A NEW campaign calling for improvements in hospital care for people living with dementia has been launched.
East Worthing and Shoreham MP Tim Loughton joined more than 160 other MPs in Westminster for the launch of Alzheimer’s Society’s Fix Dementia Care campaign.
He followed it up with a visit to Worthing Alzheimer’s Society to meet staff, volunteers and a group of people living well with dementia.
Mr Loughton said: “Good hospital care for people with dementia should never be a throw of the dice – yet in some hospitals, people are routinely experiencing the consequences of poor care.
“Alzheimer’s Society were in Westminster to urge MPs to back their new Fix Dementia Care campaign to end the postcode lottery on the quality of hospital care people with dementia face.
“The first step to improving the issue across the country is greater transparency - once we know where the shortcomings are we can take steps to tackle them.”
Worthing Town Cryers is a group of people with dementia who are advising and lobbying local service providers to help the town become a more dementia-friendly community.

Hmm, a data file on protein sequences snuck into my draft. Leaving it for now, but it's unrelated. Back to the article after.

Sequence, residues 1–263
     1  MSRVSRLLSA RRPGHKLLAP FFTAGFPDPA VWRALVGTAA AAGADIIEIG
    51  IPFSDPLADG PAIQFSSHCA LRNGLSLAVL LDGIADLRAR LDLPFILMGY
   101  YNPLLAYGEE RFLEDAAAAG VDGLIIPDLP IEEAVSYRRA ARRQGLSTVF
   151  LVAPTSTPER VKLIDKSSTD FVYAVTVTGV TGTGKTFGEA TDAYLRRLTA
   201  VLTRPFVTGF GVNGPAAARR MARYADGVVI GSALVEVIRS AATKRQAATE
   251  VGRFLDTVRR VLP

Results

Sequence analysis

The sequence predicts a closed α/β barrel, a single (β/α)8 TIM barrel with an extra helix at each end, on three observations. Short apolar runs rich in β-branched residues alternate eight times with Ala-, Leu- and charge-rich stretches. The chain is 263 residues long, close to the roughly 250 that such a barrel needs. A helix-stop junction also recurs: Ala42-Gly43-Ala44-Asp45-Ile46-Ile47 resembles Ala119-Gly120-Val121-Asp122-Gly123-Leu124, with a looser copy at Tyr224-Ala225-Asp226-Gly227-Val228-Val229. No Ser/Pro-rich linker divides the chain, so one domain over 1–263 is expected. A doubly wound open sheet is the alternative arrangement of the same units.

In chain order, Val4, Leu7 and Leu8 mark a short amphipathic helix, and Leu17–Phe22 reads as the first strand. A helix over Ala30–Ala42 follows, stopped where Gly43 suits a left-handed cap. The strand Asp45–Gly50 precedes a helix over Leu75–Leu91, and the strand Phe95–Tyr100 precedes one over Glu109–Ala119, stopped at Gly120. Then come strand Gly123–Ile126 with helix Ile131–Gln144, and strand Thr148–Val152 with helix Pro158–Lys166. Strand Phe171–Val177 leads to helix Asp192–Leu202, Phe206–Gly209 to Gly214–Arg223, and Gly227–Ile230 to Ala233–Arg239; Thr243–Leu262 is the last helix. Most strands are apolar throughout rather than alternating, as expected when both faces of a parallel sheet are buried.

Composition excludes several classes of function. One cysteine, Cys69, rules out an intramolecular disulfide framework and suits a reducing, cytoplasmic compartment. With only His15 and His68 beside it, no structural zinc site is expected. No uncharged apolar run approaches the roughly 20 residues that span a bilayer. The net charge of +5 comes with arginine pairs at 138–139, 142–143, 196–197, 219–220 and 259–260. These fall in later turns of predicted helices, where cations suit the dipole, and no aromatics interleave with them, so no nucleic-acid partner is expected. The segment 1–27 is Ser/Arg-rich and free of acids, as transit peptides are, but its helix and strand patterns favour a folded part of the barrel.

Mr Loughton said: “We are lucky in Worthing to have such a group performing such an essential and appreciated service. The group helps keep people with dementia active, engaged and supportive.”
Tim Wilkins, service user involvement officer, said: “The Worthing Town Cryers enjoyed meeting one of their local MPs. They seemed to really engage with him and asked him all sorts of questions from the EU to the A27.
“This group enables people with dementia in Worthing to help raise awareness and understanding about dementia.”
MPs have called for greater transparency across the NHS following an Alzheimer’s Society investigation which found too many people with dementia are falling while in hospital, being discharged at night or being marooned in hospital despite their treatment having finished.
In the worst performing hospitals, people with dementia were staying five to seven times longer than other patients aged over 65.
George McNamara, head of policy and public affairs at Alzheimer’s Society, said: “We must put a stop to the culture where it’s easier to find out about your local hospital finances than the quality of care you’ll receive if you have dementia.”
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